I’ve blogged recently about the market reception to the Apple Watch, which seemed to be somewhat less “ecstatic” compared with previous Apple product introductions — at least in the first few weeks after its unveiling.
Now we have several months behind us — as well as some field research that suggests that the Apple Watch is being very well-received by early adopters.
The findings come courtesy of a research panel of 145 Apple Watch owners who were contacted in late July and early August 2015 by consumer market research company 451 Research. The research sample was drawn from the company’s ChangeWave network of ~25,000 business and technology professionals.
The overall satisfaction level with the Apple Watch among these respondents is ~83%, with ~54% stating that they are “very satisfied” with the product.
In terms of how well the watch is performing in relation to owners’ expectations, almost the same percentage (~79%) state that the Apple Watch is meeting them.
The three attributes of the Apple Watch that are most well-liked are these:
- Notifications/alerts: ~49% mentioned
- Health and fitness monitoring: ~41%
- Design aesthetics of the product: ~30%
The three concerns about the Apple Watch mentioned most frequently are these:
- Battery life is too short: ~37% mentioned
- Tied to the iPhone: ~31%
- Product is not waterproof: ~25%
The battery life issue really is one to “watch,” as it were: Tracking surveys of Apple Watch owners reveal that more people are checking their battery status at least once per day than are checking their watch faces for the time (!).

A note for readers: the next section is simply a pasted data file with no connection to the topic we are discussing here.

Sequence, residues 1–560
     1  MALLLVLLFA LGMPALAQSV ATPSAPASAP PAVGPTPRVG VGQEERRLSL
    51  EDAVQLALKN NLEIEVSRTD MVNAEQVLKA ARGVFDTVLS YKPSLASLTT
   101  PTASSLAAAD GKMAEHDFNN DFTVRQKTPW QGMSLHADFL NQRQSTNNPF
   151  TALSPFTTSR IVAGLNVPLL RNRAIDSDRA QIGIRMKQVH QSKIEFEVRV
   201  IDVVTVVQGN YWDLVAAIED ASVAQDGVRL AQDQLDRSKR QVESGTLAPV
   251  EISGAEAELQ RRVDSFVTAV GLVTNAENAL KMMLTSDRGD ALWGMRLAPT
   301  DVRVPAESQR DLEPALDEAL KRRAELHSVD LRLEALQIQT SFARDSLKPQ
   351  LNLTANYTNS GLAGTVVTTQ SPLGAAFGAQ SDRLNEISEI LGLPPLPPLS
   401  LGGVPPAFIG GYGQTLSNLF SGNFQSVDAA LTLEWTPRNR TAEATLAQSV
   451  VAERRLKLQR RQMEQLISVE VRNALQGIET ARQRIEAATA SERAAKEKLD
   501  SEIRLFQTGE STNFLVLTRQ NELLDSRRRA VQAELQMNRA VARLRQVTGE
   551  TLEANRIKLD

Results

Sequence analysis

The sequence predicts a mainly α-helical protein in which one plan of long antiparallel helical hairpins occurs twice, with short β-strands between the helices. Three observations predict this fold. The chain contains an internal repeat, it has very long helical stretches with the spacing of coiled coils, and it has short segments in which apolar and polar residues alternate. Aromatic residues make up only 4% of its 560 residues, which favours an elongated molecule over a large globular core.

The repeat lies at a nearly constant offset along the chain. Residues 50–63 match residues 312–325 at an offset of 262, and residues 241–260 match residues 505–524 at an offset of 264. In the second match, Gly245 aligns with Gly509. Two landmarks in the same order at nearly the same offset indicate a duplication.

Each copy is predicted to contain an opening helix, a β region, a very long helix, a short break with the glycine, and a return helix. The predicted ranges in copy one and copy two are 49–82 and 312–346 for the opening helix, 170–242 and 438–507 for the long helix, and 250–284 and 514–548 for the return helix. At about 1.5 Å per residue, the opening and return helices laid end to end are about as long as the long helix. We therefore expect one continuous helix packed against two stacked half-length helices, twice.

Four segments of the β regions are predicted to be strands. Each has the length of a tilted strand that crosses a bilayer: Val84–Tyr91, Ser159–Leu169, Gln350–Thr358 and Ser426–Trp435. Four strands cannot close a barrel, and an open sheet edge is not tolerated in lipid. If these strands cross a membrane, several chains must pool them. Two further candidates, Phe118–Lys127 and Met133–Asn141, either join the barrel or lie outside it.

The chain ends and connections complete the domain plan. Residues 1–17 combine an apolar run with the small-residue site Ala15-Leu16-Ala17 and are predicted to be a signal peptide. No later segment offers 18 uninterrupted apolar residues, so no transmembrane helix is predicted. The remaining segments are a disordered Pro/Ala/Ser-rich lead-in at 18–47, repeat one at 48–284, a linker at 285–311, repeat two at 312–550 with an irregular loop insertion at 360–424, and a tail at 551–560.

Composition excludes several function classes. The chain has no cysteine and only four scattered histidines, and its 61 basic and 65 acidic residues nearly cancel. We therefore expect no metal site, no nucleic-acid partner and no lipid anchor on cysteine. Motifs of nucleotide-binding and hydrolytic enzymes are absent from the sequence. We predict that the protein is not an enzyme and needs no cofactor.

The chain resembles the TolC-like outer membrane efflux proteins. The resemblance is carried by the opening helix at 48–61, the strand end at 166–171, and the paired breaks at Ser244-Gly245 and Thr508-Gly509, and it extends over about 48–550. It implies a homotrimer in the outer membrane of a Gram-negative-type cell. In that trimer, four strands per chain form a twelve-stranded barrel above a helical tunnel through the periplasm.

Not surprisingly, the Apple Watch poses a competitive threat to more traditional digital watches, as more than four in five respondents report that the Apple Watch has replaced the traditional watches if they had worn one earlier. (On the other hand, about one third of owners didn’t wear anything on their wrist at all before acquiring their Apple Watch.)
The popularity of the Apple Watch’s health and fitness monitoring capabilities portends problems for competing monitors as well. Nearly half of the Apple Watch owners surveyed by 451 Research reported that they have previously planned on purchasing a monitor, but have since decided not to, thanks to the Apple Watch’s functionality.
As for whether the Apple Watch is becoming an indispensible part of the fabric of daily life with these users as compared to being more of a novelty gadget, the behavior is looking a lot more like the former:
- Use daily for health and fitness monitoring: ~79% of respondents reported
- Send and receive text messages daily: ~63%
- Check weather information daily: ~52%
Perhaps the best indication of how satisfied these early adopters are with the Apple Watch is how they responded to the question, “Would you recommend the Apple Watch to a friend or colleague?”
The answer? More than four in five respondents (~83%) answered in the affirmative: ~55% reported “very likely” and ~28% reported “somewhat likely.”
If consumer response continues along the same lines in the upcoming months, it may well mean that the Apple Watch is on the path to gaining impressive adoption figures — and proving the naysayers wrong.
The real proof will be in the sales figures, of course. But seeing these indications of early adopters being quite satisfied ith the product’s performance — and willing to recommend it to friends and colleagues — is a very good first step.
If you have begun using an Apple Watch, I’m sure other readers would be interested to know what appeals to you most about it — and what attributes might not be living up your expectations. Please share your experiences here.